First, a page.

He wasn’t the only teammate to praise Green, however. As Green prepared to field questions from reporters, rookie Jared Sullinger, whose locker is next to Green’s, gave his teammate daps and said, “Congratulations, Jeff. You made [SportsCenter’s] No. 1.”

Green finished the night with 16 points, four rebounds and two assists in a season-high 27 minutes. He said he hopes to see his dunk on SportsCenter, but his biggest takeaway on the night was a much-needed confidence-booster.

“I had been playing a little lackadaisical as far as the effort before the prior couple of games, so it felt good to get that. It kind of boosts your confidence up and gets you going a little bit,” he said.

It isn’t every day that you hear a professional athlete volunteer to a scrum full of reporters and camera that his effort hasn’t been there. That’s normally the type of stuff that gets revealed deep into a 1-on-1, if it all. Perhaps Green just knows that more is expected of him, and he’s ready to be a little meaner.

“I don’t think anybody needs to tell me to be aggressive,” Green said. “It’s something that I see. It’s something that I need to do.”

Ben Rohrbach contributed to this report.

Read More: Jeff Green, Kevin Garnett,
Jeff Green posterizes, taunts Al Jefferson at 9:46 pm ET
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I guess this is what Kevin Garnett meant when he wanted Jeff Green to be an [expletive]-hole.

Read More: Al Jefferson, Boston Celtics, Jeff Green, NBA
C-mail: Answering inbox full of Celtics questions 11.12.12 at 3:22 pm ET
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You’ve got Celtics questions. We’ve got answers. Or more questions. Either way, let’s scroll through the inbox.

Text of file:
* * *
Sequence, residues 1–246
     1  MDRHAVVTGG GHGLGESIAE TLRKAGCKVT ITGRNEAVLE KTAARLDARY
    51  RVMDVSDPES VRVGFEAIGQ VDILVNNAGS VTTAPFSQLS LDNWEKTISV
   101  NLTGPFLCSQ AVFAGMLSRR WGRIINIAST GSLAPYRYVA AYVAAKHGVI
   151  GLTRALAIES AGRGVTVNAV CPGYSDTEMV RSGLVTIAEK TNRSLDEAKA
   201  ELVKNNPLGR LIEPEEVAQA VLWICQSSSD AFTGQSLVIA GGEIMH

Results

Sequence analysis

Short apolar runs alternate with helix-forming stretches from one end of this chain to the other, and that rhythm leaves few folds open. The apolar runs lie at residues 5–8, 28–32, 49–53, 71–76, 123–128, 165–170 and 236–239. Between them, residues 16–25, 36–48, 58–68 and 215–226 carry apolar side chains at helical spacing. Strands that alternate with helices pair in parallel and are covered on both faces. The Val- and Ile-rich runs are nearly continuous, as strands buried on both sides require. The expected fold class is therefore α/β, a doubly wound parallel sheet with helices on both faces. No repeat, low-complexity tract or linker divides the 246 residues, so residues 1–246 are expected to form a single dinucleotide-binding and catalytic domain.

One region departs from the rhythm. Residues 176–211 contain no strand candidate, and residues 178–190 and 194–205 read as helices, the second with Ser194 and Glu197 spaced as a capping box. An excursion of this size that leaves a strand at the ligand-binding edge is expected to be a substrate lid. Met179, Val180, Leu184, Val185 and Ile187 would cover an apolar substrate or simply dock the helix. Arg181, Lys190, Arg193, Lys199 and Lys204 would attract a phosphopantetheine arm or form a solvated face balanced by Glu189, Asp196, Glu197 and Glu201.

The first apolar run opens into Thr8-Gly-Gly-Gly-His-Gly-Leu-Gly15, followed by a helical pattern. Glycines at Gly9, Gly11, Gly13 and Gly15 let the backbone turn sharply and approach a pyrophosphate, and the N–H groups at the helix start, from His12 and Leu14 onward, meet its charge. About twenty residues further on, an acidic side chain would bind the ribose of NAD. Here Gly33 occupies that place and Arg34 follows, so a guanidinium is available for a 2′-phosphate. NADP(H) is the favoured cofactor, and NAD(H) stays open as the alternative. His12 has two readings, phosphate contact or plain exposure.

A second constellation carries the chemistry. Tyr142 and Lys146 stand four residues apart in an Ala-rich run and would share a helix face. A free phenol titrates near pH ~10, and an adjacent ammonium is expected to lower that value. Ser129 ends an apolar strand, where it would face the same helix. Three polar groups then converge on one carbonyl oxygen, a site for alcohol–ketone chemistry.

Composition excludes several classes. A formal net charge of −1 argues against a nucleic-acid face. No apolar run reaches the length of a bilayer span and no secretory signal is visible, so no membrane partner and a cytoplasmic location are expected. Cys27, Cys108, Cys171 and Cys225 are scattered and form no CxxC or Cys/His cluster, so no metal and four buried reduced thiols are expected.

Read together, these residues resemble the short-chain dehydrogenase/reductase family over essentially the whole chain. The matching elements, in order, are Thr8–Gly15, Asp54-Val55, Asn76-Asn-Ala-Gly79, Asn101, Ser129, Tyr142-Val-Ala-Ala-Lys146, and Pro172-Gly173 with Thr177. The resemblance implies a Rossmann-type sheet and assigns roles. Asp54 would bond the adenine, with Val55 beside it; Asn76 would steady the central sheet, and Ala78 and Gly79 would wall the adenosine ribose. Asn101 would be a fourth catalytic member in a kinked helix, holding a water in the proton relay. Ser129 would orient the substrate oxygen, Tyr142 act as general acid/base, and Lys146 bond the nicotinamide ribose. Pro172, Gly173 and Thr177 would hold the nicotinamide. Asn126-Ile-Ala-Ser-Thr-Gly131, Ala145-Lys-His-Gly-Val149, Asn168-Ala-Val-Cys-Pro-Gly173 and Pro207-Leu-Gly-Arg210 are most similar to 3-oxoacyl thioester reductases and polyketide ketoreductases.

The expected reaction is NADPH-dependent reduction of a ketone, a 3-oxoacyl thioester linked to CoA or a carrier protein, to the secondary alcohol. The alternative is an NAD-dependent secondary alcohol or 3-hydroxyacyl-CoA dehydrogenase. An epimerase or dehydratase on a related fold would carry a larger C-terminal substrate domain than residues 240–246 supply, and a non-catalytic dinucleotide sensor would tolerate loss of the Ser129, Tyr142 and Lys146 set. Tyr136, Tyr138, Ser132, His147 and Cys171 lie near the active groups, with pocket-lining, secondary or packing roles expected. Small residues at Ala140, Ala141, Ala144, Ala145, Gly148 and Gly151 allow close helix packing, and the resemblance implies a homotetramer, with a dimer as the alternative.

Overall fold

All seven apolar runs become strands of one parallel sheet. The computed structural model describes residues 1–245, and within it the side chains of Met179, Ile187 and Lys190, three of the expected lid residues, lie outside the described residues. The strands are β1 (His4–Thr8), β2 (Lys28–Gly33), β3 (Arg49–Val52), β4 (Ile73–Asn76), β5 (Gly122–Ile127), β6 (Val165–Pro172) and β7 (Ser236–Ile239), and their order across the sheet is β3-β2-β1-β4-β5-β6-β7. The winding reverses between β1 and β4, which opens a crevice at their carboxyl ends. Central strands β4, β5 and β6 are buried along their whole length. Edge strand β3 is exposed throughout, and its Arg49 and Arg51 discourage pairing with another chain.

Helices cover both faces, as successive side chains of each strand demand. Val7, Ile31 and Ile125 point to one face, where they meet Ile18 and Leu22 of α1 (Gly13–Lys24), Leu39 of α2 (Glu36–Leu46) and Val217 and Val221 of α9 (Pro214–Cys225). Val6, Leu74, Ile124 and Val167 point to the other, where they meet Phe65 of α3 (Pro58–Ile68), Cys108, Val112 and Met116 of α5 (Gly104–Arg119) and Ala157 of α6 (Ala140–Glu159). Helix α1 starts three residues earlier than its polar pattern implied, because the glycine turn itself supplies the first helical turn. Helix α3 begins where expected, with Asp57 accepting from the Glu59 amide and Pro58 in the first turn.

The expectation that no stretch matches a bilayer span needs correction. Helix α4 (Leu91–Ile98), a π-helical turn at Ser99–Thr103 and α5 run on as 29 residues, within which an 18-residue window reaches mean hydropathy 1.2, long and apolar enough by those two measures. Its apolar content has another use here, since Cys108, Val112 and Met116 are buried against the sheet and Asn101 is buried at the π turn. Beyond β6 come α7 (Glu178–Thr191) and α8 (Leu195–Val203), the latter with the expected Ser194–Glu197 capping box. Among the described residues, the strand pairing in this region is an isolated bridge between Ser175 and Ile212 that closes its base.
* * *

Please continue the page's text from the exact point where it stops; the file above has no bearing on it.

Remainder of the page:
@priusport: Where the heck is Darko?

Physically, all 7 feet and 275 pounds of Darko Milicic sits on the end of the bench this season, his ailing wrist often wrapped in tape or a soft cast. It’s a familiar place for Darko, whose history of cashing checks for sitting front row in a warmup suit makes him the envy of most men. And a conundrum for all coaches.

The Celtics certainly didn’t sign Darko as this season’s savior, but they expected more total minutes than games played from him. After all, he’s big, he blocks shots (2.6 per 36 minutes for his career) and he fouls — or “kills,” as Milicic himself might say. Players with less skill than Milicic have made a career out of those attributes.

So, maybe the wrist still bothers him. Or maybe C’s coach Doc Rivers considers him a liability. After all, when the Bucks owned the Celtics in the paint during the second game of the season, Rivers turned to Darko, who committed as many turnovers as he totaled rebounds, blocks and personal fouls in five short minutes.

@BostonsportZ: With trouble in paint with KG on bench, why no Darko or Collins yet? It can’t be worse.

If you thought Darko’s playing time was a limited sample size, check out Jason Collins and his streak of six DNP’s. The only reason he’s had to celebrate was his college roommate Joseph Kennedy III‘s election to Congress.

The C’s biggest problem has been the lack of depth behind Kevin Garnett. In Paul Flannery‘s must-read weekly Sunday notes column, he points out the Celtics are 18.3 points better than their opponents with Garnett on the floor than without, allowing a staggering 112.5 points on 53 percent shooting per 100 possessions sans KG.

So, why not turn to Collins? The 7-foot, 255-pound so-called Dwight Howard stopper has earned a reputation as one of the most heady defensive bigs in the game over 11 NBA seasons. But the C’s have yet to play a traditional center like Howard, facing undersized and finessed 5’s like Lavoy Allen or Chris Bosh for the most part.

@miccamacho6: Doc needs to forget about going small and go big. The 76ers are having a field day in the paint, especially when kg is out.

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Read More: Avery Bradley, Boston Celtics, Darko Milicic, Jeff Green